This tutorial explains the general approach on how to deal with artifacts in FieldTrip.
At the end of an automated procedure, consider always to visual inspect your data, after rejection.
Generally speaking, an artifact (or artefact) is some unexpected or unwanted feature in the data. More specifically, it can be referred to as an undesired contribution to the brain signals that we acquired with our EEG or MEG system. Artifacts can be physiological or non-physiological in origin.
FieldTrip deals with artifacts by first identifying them, and subsequently removing them. Detection of artifacts can be done visually, or using automatic routines (or a combination of both). After you know what the artifacts are, they are removed by
For the artifact detection the functions FieldTrip provides depend on whether your data is continuous or trial-based (i.e. segmented with holes between the segments) and depending on whether your data is stored on disk or already in memory.
Detecting the artifacts without reading the complete data into memory allows you to work with datasets that are too large to fit in memory all at once. Detecting the artifacts in continuous data allows you to apply filters (e.g. a band-pass filter to zoom in on the muscle artifacts on the temporal channels) without having to worry about edge effects due to the filter (i.e. filter ringing). Having the data in memory after segmenting is however a very efficient way of browsing through the data which helps in visualizing. So to conclude, there is not a single most optimal manner to detect the artifacts: it just depends on the data properties and your own preferences.
In this type of artifact detection and rejection, pieces of data that contain artifacts are identified and removed from the data set. For example, complete trials or parts of trials, are removed entirely from the data.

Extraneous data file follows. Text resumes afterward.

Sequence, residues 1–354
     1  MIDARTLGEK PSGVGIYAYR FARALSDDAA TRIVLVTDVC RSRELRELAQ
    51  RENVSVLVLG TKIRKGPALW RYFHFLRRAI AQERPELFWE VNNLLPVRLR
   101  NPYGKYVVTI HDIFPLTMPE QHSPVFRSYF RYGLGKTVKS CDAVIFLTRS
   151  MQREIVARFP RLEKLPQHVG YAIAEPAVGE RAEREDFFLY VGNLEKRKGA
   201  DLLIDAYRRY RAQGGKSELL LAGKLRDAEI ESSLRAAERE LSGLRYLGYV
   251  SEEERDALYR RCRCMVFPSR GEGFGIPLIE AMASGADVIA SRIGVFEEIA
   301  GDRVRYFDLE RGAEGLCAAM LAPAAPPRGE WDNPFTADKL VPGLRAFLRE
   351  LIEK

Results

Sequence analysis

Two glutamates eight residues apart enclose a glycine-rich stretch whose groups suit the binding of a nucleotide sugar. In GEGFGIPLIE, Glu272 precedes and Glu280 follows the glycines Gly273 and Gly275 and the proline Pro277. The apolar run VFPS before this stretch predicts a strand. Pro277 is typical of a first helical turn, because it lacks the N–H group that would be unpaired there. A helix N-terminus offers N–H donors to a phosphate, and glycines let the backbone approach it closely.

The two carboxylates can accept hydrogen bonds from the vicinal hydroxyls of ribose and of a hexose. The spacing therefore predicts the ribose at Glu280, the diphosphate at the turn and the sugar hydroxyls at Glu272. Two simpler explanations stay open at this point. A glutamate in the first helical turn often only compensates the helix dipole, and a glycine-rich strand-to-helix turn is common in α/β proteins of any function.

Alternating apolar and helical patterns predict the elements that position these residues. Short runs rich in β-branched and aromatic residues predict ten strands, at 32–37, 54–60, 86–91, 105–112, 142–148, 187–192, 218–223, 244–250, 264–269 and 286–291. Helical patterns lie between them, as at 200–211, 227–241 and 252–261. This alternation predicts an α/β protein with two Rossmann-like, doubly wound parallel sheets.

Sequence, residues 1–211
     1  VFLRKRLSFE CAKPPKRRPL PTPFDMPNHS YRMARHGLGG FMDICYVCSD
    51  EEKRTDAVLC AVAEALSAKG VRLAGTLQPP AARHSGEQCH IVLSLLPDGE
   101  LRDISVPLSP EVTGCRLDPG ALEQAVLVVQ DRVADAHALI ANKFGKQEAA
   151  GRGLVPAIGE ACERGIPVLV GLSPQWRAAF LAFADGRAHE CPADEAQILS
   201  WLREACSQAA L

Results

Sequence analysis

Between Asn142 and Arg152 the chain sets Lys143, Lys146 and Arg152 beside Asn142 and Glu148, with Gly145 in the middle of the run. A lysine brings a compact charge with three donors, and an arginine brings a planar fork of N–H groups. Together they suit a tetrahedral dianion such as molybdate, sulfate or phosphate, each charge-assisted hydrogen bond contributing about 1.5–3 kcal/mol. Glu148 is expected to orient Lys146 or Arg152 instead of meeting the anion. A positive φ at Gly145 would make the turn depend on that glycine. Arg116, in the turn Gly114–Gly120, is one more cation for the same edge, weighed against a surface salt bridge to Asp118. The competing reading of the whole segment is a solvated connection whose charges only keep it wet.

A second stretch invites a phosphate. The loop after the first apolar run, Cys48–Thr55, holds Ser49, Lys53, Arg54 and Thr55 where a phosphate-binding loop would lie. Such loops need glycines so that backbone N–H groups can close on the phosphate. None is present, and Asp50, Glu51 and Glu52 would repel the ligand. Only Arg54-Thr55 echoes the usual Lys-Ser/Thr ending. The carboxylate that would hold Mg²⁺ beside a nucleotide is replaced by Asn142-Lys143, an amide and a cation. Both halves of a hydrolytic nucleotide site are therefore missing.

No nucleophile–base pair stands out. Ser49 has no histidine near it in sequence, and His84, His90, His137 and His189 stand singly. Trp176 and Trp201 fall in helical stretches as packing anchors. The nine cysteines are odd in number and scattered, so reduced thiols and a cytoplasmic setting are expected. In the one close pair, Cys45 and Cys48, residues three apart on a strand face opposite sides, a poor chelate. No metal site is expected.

In manual artifact detection, the user visually inspects the data and identifies the trials or data segments and the channels that are affected and that should be removed. The visual inspection results in a list of noisy data segments and channels.
The functions that are available for manual artifact detection are
The ft_rejectvisual function works only for segmented data (i.e. trials) that have already been read into memory. It allows you to browse through the large amounts of data in a MATLAB figure by either showing all channels at once (per trial) or showing all trials at once (per channel) or by showing a summary of all channels and trials. Using the mouse, you can select trials and/or channels that should be removed from the data. This function directly returns the data with the noise parts removed and you don't have to call ft_rejectartifact or ft_rejectcomponent.
The ft_databrowser function works both for continuous and segmented data and also works with the data either on disk or already read into memory. It allows you to browse through the data and to select with the mouse sections of data that contain an artifact. Those time-segments are marked. Contrary to ft_rejectvisual, the ft_databrowser function does not return the cleaned data and also does not allow you to delete bad channels (though you can switch them off from visualisation). After detecting the time-segments with the artifacts, you should call ft_rejectartifact to remove them from your data (when the data is already in memory) or from your trial definition (when the data is still on disk).